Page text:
The avionics system 100 shown in FIG. 1 comprises an electronic flight instrument system (EFIS) 102 that includes two electronic flight displays that function as a primary flight display (PFD) 105 and a multifunction display (MFD) 110. A PFD 105 and MFD 110 are typically mounted in front of both a pilot and a copilot. Also included in the avionics system 100 is a flight control system (FCS) 115 or autopilot for guiding the aircraft. The PFD 105, MFD 110, and FSC 115 receive data inputs from various sensor systems in an aircraft installation. In the example of FIG. 1 are two air data systems (ADS) 119 and 120 that each include analog pressure sensors 121, an analog temperature sensor 122, and an air data (ADC) computer 123. Also included are dual attitude heading systems (AHS) 124 and 125 that each include a flux detector 126, and rate gyros 127 and accelerometers 128 mounted within an attitude heading computer (AHC) 129. Two engine indication systems (EIS) 130 provide engine related data to the PFD 105 and the MFD 110 from sensors such as turbine speed sensors N1 131 and N2 132 and inter turbine temperature (ITT) sensors 133. The example in FIG. 1 shows two of each avionics sensor system but three or more may be installed in an avionics system. Other avionics sensor systems not shown in FIG. 1 may be included in the avionics system 100 such as radio altimeter systems and a weather radar system.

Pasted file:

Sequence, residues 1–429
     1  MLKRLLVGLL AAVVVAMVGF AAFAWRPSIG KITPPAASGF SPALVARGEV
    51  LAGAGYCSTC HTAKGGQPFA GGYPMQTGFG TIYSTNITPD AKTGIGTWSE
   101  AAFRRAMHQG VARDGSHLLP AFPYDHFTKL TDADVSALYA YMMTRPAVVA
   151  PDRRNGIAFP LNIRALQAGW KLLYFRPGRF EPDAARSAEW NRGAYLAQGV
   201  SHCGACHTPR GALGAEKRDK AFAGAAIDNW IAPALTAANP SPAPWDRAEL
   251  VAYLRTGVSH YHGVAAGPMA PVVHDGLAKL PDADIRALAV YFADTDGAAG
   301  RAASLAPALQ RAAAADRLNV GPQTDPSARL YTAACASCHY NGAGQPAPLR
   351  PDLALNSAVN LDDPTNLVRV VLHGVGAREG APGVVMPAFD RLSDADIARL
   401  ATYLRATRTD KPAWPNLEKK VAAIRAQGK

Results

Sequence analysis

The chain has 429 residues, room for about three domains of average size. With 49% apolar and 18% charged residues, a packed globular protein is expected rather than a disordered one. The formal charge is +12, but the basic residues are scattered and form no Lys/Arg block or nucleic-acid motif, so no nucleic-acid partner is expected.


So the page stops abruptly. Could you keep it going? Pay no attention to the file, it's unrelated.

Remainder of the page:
The dual air data systems 119 and 120 each comprise the analog pressure sensors 121 and the analog temperature sensor 122 and the air data computer 123. The pressure sensors 121 and the temperature sensor 122 sense parameters associated with the flight of an aircraft and provide sensor signals associated with these flight parameters. The air data computer receives pitot and static pneumatic and air temperature sensor signals from the appropriate pressure sensors 121 and the temperature sensor 122 to compute air data parameters such as pressure altitude, BARO corrected altitude, barometric pressure, total pressure, static pressure, vertical speed, indicated airspeed, total air temperature, static air temperature, and others. This processed air data is provided to the FCS 115, AHS 124 and 125, MFD 110, PFD 105, and other aircraft systems such as navigation systems (not shown) requiring such data.